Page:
Heart Health Awareness

February is American Heart Month, and women around the country are raising awareness of this critical women’s health issue.

For the past 11 years, the color red has taken on a new significance in the month of February. Sure, you’ll still see the color splashed across Valentine’s Day displays, but it has also become an empowering symbol of the American Heart Association (AHA) Go Red For Women movement.

The public awareness campaign brings women together to raise awareness about heart health and to raise funds for research that will save lives. Jennifer Mieres, MD, FACC, FASNC, FAHA, cardiologist and national physician spokesperson for AHA’s Go Red For Women movement, says the movement, launched in 2004, was created out of necessity: “Cardiovascular disease claimed the lives of nearly 500,000 American women each year, yet women were not paying attention. Many even dismissed it as an older man’s disease.” AHA recognized the need to engage women around the issue. “Go Red For Women was created to dispel the myths and raise awareness of heart disease as the number one killer of women,” Dr. Mieres says. “The campaign is a passionate, emotional social initiative designed to empower women to take charge of their heart health.”

The movement urges women around the country to wear red, speak out about their heart health, and share valuable information about prevention. The effort is critical to ensure that women of all ages are made aware of lifesaving information and resources, Dr. Mieres says. “Heart disease can affect women at any age and starts silently in our twenties, with the buildup of plaque in the arteries that supply the heart with blood and nutrients.” The early onset makes prevention key, she says, adding, “It is important for young women in their twenties and thirties to take simple steps to prevent heart disease.”

Empowering women with these simple steps and encouraging them to act on the information has made a real difference. Dr. Mieres says that, powered by the American Heart Association’s research and science, the campaign has resulted in significant progress. “We have seen a 32 percent decrease in cardiovascular disease deaths in the past 10 years,” she says.

During the past decade, women have fought heart disease individually and together, with AHA’s Go Red For Women movement and other women’s heart health campaigns. Significant advancements have been made, including the development of gender-specific guidelines for prevention and treatment; advocacy efforts resulting in increased funding for the Centers for Disease Control and Prevention’s WISEWOMAN heart disease and stroke screening program for low-income women; improvement of lifestyle risk factors; improvement in overall heart health among women; identification and targeting of diversity challenges; identification and targeting of gender-specific research challenges; and identification and targeting of gender-specific disparities in care.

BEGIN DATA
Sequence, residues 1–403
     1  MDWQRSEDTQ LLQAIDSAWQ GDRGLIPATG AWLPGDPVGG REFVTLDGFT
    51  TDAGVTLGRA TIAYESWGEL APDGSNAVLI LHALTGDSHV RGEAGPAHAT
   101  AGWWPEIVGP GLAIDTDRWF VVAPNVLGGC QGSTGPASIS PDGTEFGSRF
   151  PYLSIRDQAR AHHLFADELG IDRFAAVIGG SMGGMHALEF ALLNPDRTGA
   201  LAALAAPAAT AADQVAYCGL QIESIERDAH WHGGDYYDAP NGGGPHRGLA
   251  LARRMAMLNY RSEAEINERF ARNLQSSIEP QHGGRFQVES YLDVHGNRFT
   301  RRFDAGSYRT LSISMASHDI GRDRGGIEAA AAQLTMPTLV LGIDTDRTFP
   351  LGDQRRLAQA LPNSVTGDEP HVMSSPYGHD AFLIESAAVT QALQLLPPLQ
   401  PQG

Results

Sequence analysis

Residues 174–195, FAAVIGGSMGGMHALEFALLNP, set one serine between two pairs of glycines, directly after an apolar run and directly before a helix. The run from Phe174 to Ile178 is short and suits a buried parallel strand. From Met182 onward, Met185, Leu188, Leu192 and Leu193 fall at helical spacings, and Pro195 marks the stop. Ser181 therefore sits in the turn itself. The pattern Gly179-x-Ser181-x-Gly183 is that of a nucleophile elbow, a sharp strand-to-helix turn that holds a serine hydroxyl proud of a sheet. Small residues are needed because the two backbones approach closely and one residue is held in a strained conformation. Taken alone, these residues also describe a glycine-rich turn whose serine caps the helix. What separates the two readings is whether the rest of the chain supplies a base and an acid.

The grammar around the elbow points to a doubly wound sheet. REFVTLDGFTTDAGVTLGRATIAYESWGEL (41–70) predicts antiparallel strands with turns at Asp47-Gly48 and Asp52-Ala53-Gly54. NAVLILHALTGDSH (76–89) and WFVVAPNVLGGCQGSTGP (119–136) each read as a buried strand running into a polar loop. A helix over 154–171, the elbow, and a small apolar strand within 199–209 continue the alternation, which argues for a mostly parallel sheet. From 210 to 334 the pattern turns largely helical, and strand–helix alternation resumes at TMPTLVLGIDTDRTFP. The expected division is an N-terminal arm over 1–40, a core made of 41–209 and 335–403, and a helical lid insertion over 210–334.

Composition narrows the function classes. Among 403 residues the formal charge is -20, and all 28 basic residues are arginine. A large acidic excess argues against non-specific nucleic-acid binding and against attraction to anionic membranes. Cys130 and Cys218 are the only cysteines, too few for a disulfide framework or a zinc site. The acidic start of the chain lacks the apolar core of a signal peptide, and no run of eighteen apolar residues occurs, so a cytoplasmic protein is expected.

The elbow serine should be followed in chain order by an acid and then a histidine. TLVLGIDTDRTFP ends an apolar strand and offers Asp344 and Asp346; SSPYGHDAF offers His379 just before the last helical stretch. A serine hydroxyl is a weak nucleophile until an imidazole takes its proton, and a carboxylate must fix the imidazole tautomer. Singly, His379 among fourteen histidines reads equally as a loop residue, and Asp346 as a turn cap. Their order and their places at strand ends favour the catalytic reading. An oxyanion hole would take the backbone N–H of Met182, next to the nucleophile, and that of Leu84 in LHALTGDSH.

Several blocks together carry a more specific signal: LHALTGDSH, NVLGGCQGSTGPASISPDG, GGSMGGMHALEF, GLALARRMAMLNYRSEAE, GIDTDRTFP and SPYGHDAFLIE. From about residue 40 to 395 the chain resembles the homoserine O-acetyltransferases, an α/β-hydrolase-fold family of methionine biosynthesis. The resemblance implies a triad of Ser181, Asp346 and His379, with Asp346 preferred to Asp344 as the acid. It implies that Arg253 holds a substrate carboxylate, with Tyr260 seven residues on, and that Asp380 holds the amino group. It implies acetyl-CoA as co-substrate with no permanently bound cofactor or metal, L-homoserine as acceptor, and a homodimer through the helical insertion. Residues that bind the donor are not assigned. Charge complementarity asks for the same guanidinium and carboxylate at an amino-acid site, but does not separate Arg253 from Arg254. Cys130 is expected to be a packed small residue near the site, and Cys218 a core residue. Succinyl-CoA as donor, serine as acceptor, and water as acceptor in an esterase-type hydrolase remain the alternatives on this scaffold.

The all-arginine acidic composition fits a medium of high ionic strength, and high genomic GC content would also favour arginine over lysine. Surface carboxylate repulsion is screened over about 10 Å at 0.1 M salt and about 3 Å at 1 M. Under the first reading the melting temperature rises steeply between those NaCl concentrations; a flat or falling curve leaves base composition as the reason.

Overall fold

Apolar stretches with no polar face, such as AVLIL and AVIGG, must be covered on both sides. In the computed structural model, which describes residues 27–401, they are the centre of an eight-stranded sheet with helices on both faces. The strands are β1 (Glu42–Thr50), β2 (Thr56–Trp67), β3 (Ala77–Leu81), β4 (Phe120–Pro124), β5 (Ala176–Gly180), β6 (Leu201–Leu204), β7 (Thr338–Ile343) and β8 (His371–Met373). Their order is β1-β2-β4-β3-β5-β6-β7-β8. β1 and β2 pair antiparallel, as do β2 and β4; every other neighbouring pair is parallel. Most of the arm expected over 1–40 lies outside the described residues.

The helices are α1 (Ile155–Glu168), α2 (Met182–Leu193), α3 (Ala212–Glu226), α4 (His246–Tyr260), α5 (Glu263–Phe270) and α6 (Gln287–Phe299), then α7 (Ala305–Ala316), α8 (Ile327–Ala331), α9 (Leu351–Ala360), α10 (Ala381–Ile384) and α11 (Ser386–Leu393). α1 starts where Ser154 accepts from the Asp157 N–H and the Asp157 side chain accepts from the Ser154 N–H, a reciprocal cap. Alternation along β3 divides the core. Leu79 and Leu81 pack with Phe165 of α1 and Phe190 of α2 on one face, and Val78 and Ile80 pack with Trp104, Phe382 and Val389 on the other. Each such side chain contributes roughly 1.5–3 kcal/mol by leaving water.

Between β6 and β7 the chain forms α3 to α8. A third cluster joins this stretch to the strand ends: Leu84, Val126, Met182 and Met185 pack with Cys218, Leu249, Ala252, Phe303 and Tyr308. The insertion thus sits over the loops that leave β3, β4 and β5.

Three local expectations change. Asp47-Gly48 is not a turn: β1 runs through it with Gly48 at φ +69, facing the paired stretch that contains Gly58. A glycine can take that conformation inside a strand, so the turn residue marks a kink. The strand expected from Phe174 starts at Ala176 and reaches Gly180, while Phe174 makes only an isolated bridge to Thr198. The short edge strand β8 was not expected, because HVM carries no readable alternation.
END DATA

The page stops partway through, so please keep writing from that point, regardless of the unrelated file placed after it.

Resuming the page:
Now, as Go Red For Women enters its eleventh year, the campaign is more important than ever. “More than 650,000 women’s lives have been saved, but the fight is far from over,” says Dr. Mieres. “We’ve led the fight to protect women’s hearts through research and education. As we move forward, the more women we mobilize to stop our number one health threat, the more lives we can continue to save.”


Become Part of the Movement

In celebration of the Eleventh Annual National Wear Red Day on February 7, 2014, Go Red For Women is asking all women across America to join them in making America Go Red and save women’s lives. Below are some of the ways you can make a difference.

Watch “Just a Little Heart Attack,” directed by and starring Emmy-nominated actress Elizabeth Banks and inspired by the real-life stories of women who have been affected by heart disease.

Visit goredforwomen.org or goredcorazon.org to learn more. You can also visit the Facebook page at facebook.com/goredforwomen.

Participate in the Eleventh Annual National Wear Red Day (February 7, 2014): show your support by wearing red to build awareness and inspire action.